Such people cease to trust God. Instead, they choose to trust in themselves. Prov 3:5 says something about this, ‘Trust in the LORD with all your heart and lean not on your own understanding;’
As well as not being able to achieve salvation in our strength, there is another thing that we cannot achieve in our own strength, and that is, we cannot achieve sanctification in our own strength.
When the Holy Spirit comes to dwell within us a process of change called progressive sanctification commences. If we allow it, this process makes us more like Jesus as time goes on. But, we cannot change in our own strength.
Our character is set in the early years of our lives. Psychologists have suggested that our character is determined by the first seven to ten years of our lives. Our early child hood experiences shape our emotions and our reactions. I remember a training film that was shown on the Navy Staff Course called You are what you were at Ten.
We learn many things through our life experiences – some good things and some wrong things. Once we have gained this experiential learning, only Jesus can change it. Even though we may be able to control our reactions to some extent, we cannot change our emotional reactions to later trigger events.
Have you ever had the experience of flaring up over some innocuous statement, or look, or tone of voice and then later not knowing why you reacted as you did? Probably it was because a sensitive bruise deep within your psyche had been touched – a bruise that had been gained back in your early life.
Transition. So, we cannot achieve salvation or sanctification through our own strength. We can only do these things through God’s strength. And how can we receive God’s strength? Well, this brings us back to the point of Paul’s statement in v.10 of our reading when he said, ‘When I am weak, then I am strong.’ The explanation of this is our third point:
III. When we acknowledge our weakness, we are strong
It is only when, like Paul, we realise that we cannot succeed through our own efforts and surrender ourselves totally to God, that we can receive God’s strength. And we receive God’s strength through the Holy Spirit, which in turn is received when we accept Jesus as Saviour and Lord.
When we surrender to God and receive Jesus as our saviour we receive His strength which defeated Satan and defeated death.
Indeed, Jesus on the cross is the ultimate model of this concept as we see him hanging in absolute weakness, while at the same time God works power through him to defeat Satan and the power of sin and death.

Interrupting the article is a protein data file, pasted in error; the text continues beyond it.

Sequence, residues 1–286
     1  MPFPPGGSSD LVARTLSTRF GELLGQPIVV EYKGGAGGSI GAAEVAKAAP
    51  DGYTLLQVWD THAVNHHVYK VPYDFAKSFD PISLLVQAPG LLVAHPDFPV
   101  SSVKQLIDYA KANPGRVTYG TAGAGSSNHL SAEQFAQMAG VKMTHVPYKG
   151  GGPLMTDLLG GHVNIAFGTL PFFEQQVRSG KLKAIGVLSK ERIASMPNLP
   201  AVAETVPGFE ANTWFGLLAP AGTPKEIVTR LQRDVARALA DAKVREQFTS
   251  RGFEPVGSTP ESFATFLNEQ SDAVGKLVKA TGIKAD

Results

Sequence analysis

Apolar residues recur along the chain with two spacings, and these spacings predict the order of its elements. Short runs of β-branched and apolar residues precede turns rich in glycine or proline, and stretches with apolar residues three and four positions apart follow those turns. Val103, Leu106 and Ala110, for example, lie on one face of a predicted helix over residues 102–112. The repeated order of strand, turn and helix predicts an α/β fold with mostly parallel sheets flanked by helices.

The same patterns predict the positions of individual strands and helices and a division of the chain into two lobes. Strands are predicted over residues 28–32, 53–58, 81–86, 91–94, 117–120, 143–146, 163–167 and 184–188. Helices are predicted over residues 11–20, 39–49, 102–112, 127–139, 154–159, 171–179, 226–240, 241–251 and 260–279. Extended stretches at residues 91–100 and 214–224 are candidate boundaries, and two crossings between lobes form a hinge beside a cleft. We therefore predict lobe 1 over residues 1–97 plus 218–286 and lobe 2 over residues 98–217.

Through Jesus our Saviour, we can share in the victory over Satan and all of his temptation. And through Jesus our Saviour we can share in victory over death and receive eternal life.
But, as well as surrendering to Jesus as Saviour, we must also surrender to Jesus as Lord. This means allowing Jesus to take control of our lives. We must step out of the driver’s seat and let Him drive – i.e. to be the Lord of our lives. When we acknowledge our own weakness and give Jesus the control, then we remove the impediments to the Holy Spirit working in our lives, and we receive the strength of the Holy Spirit who can then begin to change our character from within.
Jesus does not force himself upon us. He can only help us in those areas of our life that we have invited him into and have given him control over. So, we must accept Jesus not only as our Saviour, but also as our Lord. And most importantly, we must allow him to be Lord over our entire lives.
You will remember that last week we had the illustration of the house with many rooms representing your life, and the necessity to hand over the keys to every room, i.e. every facet of our life. If we don’t do this then our Christian life will always be difficult with continual stumbles. It will lack authenticity, power, and blessing.
Paul had learnt these lessons and concluded that it doesn’t matter if he must struggle with inadequacies and put up with all sorts of difficulties, because, he recognised the truth in what might otherwise appear to be a paradox: ‘when I am weak, then I am strong.’ (v.10)
He became content in his weakness and the obstacles that he encountered, knowing that the challenges force him to rely upon Jesus. And the more that he acknowledges his own weakness and relies on the strength of our Trinitarian God then the more God’s power is able to be perfected through his own weakness.
It is the same for you and me. ‘(God's) grace is sufficient for you, for God’s power is made perfect in (your) weakness’ For, ‘when I am weak, then I am strong.’ (2 Corinthians 12:9-10)
When we acknowledge our own weakness and surrender complete control to Jesus as Lord of every aspect of our life, then we remove the impediments to the Holy Spirit working in our lives. So, as we acknowledge our own weakness, we receive the strength of the Holy Spirit who can then begin to change our character from within and help us to walk the narrow path of the Christian life.
This must be a conscious decision on our part because Jesus does not force himself upon us. Many Christians have accepted Jesus as Saviour; but, still need to accept him as Lord.
And finally, this handing over of our life to Jesus as Lord must be a continual thing that we do – every day; because, sanctification is a lifelong process. We need to continually pray that God will reveal to us areas of our lives that we have not yet given Jesus control over; and then ask God to help us to let go and give over those areas to Jesus as our Lord.